LEDs: Good for the Earth, Bad for Your Health?


One of the biggest trends in sustainability these days is replacing traditional light bulbs with LED bulbs. They last for many years, save electricity, and are cost-effective, but are they worth the negative health effects? 

  • LED bulbs emit blue light, which has been shown to have negative effects on melatonin production that regulates our sleep cycle, particularly from white LED bulbs. The American Health Association has issued warnings in regard to white LED street lights, which not only has a strong glare that can damage eyesight, but also disrupts our circadian rhythm.
  • The disruptions to circadian rhythms (our internal body clock) and melatonin production are linked to diabetes, cancer, obesity, insomnia, mood disorders, and heart disease.
  • This type of bright light can affect birds' migratory patterns and some shore-nesting aquatic animals. http://darksky.org/light-pollution/wildlife/
  • LED light can cause damage to the retina and severe glare, making it more dangerous to drive at night.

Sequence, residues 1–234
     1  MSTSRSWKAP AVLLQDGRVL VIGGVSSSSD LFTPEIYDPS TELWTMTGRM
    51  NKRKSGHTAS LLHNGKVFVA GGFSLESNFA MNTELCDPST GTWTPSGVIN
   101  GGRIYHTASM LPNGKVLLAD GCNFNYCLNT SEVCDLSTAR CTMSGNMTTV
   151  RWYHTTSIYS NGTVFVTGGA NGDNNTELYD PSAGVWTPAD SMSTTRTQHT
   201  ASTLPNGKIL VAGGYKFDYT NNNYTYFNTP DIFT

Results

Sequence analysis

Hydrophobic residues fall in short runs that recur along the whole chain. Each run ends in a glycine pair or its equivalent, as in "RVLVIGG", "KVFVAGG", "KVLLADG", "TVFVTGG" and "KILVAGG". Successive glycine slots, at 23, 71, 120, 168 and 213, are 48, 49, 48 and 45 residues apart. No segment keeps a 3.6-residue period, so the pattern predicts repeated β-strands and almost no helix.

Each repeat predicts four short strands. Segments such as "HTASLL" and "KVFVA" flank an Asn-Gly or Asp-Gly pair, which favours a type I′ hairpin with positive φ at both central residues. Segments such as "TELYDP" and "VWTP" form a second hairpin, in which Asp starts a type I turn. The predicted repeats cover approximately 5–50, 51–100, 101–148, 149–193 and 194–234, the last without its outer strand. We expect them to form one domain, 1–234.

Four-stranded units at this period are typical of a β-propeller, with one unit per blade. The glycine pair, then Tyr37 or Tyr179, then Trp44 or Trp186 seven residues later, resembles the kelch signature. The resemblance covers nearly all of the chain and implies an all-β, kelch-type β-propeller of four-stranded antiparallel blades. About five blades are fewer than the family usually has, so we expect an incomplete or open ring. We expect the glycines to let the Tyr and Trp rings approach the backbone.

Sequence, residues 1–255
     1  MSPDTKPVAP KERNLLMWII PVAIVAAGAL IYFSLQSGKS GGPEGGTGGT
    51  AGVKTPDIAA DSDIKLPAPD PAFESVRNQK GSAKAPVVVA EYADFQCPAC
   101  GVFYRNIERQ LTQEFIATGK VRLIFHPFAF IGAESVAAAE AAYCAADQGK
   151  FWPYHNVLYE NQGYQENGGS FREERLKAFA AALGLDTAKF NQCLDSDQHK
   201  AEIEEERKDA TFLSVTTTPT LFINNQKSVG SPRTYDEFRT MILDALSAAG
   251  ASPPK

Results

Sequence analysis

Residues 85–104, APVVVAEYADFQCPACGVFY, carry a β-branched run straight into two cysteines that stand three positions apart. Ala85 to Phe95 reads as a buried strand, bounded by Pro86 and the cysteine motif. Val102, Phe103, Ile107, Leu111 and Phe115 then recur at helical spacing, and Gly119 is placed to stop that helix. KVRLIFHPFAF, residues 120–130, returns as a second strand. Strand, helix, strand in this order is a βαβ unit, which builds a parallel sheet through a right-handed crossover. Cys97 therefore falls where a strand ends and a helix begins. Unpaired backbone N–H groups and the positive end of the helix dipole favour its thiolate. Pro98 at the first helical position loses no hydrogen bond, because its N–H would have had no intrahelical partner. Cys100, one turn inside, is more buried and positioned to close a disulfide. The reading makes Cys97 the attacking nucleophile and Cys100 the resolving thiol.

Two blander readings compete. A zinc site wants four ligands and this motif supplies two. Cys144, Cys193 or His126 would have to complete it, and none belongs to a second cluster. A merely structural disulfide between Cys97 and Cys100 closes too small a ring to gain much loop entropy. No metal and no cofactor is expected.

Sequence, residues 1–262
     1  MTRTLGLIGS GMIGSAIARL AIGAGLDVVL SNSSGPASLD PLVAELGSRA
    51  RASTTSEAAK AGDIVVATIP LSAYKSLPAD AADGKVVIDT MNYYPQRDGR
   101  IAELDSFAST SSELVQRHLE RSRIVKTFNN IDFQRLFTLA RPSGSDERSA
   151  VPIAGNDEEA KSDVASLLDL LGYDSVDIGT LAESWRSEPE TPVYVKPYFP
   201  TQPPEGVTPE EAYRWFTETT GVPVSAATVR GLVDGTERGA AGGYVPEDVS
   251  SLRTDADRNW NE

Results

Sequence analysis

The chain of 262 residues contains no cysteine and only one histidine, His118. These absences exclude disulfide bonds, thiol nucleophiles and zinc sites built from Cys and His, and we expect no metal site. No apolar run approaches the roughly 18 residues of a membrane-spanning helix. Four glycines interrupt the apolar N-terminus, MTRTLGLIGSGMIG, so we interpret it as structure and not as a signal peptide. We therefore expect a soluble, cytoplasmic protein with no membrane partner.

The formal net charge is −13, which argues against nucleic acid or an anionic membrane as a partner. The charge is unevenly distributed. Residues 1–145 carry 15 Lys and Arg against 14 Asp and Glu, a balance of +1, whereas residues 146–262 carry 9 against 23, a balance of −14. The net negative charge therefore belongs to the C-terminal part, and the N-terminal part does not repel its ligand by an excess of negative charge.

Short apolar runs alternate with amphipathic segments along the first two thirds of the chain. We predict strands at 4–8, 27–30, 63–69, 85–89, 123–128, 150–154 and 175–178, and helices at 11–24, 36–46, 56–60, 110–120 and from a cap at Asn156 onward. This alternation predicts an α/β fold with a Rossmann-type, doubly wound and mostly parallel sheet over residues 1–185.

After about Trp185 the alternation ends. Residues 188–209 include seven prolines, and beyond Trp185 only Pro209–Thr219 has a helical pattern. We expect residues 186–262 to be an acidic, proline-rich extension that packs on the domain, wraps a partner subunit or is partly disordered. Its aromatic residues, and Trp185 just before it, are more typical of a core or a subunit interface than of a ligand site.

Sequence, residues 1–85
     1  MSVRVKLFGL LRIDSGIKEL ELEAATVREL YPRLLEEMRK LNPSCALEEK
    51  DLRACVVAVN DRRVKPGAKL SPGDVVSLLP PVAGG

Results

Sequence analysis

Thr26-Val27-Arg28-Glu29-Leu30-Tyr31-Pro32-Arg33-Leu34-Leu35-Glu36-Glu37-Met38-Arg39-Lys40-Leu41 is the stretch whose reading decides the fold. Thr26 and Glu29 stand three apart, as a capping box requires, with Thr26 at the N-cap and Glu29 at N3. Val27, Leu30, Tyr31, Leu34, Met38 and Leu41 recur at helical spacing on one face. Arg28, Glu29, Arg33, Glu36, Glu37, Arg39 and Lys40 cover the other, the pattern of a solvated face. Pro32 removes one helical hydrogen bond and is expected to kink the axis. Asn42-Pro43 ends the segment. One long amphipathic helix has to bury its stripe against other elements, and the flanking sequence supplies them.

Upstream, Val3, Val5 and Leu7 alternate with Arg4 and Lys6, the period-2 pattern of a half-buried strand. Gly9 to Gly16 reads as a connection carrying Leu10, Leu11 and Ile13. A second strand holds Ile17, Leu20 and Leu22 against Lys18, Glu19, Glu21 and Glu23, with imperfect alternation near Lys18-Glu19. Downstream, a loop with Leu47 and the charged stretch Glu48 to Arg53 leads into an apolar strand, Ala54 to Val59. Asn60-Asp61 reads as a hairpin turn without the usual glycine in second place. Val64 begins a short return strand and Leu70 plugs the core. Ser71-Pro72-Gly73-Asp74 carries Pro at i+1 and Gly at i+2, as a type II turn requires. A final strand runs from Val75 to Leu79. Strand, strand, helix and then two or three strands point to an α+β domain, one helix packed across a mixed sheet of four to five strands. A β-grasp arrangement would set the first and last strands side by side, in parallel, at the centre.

• LED bulbs contain toxic hazards, such as lead, arsenic, and many more, and breakages should be treated as hazardous waste.
  • The copper found in LEDs can poison aquatic life if it builds up in rivers and lakes.
  • Light pollution is growing at an epidemic rate. Here is a map of North America's sky brightness, where 80% of people can no longer see the Milky Way.

Even still, LED light bulbs are still the most environmentally friendly option, so what can we do about the downsides?
  • Make use of apps that apply an orange or red filter over your phone and computer screen. You can also buy films to apply over the screens, including your television.
  • Expose yourself to lots of bright light during the day to remind your body to be awake at daytime and sleepy at nighttime.
  • Lobby for LED makers to use safer materials in their bulbs.
  • Support research for safer and greener lighting technology.
  • Use candles and dim lighting at night, and turn off lights you aren’t using.
  • Challenge the idea that lighting reduces crime. There’s some evidence that it actually increases crime since criminals have an easier time seeing what they’re doing.
  • Use red or orange tinted light outdoors, and make sure your exterior lights point down to reduce effects on wildlife.